“At secondary school I had no issues with it, and I think because it was an all girls school there wasn’t that pressure of boys or anything and so it was a really good way for me to develop my confidence.
“It’s mainly when I’m out and in town or something that it’s more of an issue, for instance I was walking down the street with my friend on holiday and someone shouted out of their car at me, ‘What the f*** is on your face?’
“The main issue is actually adults who are ignorant and rude and it was rarely that children actually make comments because usually it’s just out of curiosity and intrigue if children ask or stare at me and if I explain then they just move on and accept it.”
A port wine stain birthmark is a capillary malformation which is red or purple in colour. Most are permanent and may deepen in colour over time, they usually affect one side of the body and usually appear on the face, chest and back.
Eleanor went on to talk about how she deals with negative remarks she has received and how she felt when her friend asked her to be the star of her art project.
“Obviously it’s not nice to receive nasty comments about my birthmark and sometimes it can really affect me like one time I was on the train and saw two girls laughing and pointing at me and I could hear them talking about me and making horrible comments,” she said.
“However because I’ve grown up with this and always noticed people staring I’ve developed almost a thicker skin and can brush it off quite easily because people can be horrible but if you let it affect you then they’re the ones who are winning and it’s way easier for self-confidence if you just move on.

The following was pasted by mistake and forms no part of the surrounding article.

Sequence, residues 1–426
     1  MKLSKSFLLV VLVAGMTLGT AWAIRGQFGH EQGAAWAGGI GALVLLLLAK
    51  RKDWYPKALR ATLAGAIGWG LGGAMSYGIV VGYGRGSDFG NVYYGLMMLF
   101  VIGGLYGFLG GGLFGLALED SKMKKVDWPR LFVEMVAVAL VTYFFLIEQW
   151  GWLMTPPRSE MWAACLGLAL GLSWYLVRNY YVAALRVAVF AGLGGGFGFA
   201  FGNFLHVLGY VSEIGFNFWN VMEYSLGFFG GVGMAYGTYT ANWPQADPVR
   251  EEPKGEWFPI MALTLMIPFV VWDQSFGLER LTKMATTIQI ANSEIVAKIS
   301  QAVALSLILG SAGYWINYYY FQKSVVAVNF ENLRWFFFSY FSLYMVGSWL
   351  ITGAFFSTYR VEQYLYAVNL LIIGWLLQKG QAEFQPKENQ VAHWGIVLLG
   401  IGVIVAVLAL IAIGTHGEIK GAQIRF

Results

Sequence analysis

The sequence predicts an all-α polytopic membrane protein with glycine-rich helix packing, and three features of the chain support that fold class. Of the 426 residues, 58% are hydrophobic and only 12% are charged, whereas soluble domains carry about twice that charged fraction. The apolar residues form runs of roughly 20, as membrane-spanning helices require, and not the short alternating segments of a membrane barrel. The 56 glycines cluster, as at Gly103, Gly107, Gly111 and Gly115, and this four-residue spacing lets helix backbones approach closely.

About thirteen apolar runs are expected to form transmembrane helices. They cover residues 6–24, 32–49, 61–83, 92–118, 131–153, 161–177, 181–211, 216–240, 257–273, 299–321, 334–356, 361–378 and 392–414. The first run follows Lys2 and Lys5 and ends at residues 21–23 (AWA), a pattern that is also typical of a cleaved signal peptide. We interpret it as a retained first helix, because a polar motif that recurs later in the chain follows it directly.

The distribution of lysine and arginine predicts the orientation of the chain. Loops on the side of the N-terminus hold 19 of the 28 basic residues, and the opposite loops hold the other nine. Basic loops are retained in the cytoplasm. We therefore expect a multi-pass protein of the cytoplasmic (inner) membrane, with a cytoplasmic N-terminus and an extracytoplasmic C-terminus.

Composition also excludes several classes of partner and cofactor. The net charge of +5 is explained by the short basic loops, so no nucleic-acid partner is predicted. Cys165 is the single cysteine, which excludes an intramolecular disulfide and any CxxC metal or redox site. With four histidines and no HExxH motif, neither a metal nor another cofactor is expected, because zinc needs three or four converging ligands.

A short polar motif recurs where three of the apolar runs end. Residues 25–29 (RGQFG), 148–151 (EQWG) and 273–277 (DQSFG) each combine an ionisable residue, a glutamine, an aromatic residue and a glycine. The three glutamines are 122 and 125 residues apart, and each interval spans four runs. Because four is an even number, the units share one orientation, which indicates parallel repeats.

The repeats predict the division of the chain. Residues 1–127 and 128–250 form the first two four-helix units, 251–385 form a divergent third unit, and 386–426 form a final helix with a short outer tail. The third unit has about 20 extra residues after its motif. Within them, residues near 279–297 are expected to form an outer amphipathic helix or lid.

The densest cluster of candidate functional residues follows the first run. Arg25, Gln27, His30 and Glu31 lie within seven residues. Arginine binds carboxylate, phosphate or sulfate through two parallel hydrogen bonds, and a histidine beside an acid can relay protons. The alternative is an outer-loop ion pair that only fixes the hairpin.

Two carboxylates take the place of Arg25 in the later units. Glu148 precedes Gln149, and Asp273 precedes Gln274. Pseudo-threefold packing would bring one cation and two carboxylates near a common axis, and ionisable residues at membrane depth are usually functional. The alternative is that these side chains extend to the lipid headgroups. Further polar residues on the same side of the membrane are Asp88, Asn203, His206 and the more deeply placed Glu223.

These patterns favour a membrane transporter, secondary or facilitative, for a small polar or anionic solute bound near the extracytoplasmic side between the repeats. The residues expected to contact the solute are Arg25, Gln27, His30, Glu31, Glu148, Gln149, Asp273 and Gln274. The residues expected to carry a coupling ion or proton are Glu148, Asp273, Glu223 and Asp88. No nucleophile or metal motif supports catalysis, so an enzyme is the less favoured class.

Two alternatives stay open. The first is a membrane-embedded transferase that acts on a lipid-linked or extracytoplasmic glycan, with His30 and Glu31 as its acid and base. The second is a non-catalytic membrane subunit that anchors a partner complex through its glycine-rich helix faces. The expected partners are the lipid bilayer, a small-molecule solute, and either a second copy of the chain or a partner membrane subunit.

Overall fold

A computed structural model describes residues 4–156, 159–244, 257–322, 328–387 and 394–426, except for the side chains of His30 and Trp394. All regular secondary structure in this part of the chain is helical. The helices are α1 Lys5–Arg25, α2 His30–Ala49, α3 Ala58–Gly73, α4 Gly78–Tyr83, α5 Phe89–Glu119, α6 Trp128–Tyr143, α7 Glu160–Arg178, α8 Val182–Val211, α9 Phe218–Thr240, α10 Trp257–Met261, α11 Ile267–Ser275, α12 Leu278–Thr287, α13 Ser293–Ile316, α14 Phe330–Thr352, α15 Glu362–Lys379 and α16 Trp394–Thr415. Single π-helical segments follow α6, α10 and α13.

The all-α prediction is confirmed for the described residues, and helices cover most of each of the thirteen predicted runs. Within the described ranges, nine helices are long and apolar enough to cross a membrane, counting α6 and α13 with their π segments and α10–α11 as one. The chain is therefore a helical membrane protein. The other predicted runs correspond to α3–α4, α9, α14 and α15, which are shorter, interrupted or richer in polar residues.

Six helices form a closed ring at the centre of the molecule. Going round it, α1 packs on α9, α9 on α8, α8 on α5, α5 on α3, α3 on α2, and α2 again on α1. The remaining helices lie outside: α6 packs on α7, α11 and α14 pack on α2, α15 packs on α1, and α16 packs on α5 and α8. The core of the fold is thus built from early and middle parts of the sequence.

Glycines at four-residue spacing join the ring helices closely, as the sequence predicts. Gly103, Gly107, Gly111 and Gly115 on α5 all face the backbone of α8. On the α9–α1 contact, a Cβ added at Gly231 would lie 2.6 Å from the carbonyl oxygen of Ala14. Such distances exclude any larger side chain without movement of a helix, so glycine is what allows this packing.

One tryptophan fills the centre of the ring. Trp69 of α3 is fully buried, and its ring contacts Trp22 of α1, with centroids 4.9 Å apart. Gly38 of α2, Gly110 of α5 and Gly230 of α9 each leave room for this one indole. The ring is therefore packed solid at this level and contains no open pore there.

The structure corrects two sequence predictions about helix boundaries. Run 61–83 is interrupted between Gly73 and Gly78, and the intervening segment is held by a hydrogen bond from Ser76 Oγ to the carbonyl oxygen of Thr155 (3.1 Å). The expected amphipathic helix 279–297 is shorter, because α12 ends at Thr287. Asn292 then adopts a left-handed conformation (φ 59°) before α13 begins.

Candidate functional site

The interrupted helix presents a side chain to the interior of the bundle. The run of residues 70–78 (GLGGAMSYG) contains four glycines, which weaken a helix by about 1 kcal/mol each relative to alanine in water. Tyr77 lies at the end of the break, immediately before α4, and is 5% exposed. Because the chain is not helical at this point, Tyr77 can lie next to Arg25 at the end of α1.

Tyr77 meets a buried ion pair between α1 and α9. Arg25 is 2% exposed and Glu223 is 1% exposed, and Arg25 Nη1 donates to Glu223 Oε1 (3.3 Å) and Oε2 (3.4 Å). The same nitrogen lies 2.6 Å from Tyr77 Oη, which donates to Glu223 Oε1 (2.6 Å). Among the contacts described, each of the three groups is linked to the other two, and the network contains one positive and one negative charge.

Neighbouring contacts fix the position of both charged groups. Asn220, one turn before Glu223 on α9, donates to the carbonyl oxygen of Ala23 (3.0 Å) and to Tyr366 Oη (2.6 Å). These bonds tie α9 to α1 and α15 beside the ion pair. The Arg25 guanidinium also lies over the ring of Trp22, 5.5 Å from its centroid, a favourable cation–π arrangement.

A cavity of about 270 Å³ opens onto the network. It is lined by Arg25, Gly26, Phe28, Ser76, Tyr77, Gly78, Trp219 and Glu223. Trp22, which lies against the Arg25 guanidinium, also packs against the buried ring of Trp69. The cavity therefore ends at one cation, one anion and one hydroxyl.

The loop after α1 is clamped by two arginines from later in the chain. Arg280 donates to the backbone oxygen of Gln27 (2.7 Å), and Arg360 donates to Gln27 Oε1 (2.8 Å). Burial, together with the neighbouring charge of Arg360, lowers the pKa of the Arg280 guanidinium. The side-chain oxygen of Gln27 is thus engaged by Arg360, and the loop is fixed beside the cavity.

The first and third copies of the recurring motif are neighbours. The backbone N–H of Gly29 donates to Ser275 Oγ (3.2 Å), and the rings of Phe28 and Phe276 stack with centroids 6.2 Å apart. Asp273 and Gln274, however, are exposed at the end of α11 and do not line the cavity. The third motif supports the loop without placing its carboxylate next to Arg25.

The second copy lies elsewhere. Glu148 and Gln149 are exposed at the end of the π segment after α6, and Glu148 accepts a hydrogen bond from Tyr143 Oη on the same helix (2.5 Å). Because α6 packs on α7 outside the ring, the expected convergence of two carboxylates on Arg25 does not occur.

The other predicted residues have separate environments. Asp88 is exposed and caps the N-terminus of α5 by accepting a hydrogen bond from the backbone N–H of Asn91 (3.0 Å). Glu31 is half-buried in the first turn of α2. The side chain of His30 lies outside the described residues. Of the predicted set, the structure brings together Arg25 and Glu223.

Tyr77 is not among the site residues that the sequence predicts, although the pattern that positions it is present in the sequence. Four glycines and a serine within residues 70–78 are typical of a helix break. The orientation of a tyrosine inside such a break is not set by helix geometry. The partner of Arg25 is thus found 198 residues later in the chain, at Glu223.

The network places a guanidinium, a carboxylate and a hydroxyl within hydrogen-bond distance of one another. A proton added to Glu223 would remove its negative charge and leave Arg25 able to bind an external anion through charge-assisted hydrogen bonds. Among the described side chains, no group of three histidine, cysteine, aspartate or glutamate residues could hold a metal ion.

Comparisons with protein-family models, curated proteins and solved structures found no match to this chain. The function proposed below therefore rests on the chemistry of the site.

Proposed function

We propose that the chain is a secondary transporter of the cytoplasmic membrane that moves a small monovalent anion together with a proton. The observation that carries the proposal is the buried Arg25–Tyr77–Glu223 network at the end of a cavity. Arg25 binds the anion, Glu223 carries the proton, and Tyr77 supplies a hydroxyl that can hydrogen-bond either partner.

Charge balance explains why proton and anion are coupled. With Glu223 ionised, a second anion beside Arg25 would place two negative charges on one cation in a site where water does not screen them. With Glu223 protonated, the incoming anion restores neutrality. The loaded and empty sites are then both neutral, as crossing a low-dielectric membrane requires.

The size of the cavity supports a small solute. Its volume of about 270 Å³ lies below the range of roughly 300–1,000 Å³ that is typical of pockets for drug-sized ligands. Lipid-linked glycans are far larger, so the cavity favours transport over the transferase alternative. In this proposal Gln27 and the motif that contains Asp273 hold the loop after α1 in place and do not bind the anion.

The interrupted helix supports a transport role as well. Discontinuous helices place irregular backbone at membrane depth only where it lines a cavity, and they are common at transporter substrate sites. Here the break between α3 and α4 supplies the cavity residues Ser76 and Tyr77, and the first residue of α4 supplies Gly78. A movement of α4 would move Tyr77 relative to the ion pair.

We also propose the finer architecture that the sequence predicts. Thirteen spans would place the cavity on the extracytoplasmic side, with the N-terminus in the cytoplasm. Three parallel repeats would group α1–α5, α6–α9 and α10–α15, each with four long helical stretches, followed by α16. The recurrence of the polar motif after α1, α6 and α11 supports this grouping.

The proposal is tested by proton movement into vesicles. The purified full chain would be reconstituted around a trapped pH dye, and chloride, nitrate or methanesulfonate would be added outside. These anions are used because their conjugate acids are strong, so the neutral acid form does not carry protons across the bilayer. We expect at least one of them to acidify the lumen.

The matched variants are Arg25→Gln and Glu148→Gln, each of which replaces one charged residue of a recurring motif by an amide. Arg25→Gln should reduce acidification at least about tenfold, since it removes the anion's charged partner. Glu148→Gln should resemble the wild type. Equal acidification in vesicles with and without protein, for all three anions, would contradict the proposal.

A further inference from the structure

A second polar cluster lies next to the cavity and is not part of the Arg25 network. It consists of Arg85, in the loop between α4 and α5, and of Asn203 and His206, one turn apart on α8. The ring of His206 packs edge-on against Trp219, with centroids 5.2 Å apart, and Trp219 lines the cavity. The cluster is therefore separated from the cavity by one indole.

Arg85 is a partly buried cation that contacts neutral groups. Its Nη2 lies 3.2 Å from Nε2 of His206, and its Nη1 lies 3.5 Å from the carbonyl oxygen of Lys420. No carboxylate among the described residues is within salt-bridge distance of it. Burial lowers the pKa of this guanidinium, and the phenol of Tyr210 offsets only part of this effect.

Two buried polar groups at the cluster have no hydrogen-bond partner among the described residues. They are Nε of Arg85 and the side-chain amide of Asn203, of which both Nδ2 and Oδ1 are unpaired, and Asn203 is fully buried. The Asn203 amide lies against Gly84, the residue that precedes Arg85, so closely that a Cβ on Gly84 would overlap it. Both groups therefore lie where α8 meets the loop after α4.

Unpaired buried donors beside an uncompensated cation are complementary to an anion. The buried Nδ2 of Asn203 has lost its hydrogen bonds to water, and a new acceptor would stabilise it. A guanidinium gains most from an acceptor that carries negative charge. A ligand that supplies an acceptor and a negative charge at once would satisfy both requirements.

“They’re obviously someone who isn’t worth your time if they’re going to be rude.
“When my friend asked if she could take photos of me I was really flattered because she was basing a large amount of her A-Level around different areas of beauty and the people who aren’t usually shown in the media and so it was getting more awareness out there.
“It was really nice because she did all my makeup and then presented the whole project really well.”
Not everyone living with a birthmark shares Eleanor’s self-confidence, but she hopes that through sharing her story birthmarks will become normalised in society and will encourage others to be proud of theirs.
“I think for someone who isn’t quite as confident then they should know that there’s no reason to be because actually it is fairly normal and if one in three babies are born with a birthmark then there’s a lot of people out there with one,” said Eleanor.
“Also, if it’s because people have been rude and nasty in the past then it’s a lot easier for you to try and move on and be the bigger person because the people who are rude are not worth your time.
“If more people are confident and show off their birthmark then the more normalised it will become and the more acceptable it will be in the media and mainstream society.
“I guess the message I want to convey is one of trying to get people to accept their birthmark as much as they can and to try and get people with facial differences in the media more so that it can be normalised, so soon we can be able to see people with birthmark and facial differences in the media more because currently there are very few, perhaps almost none.”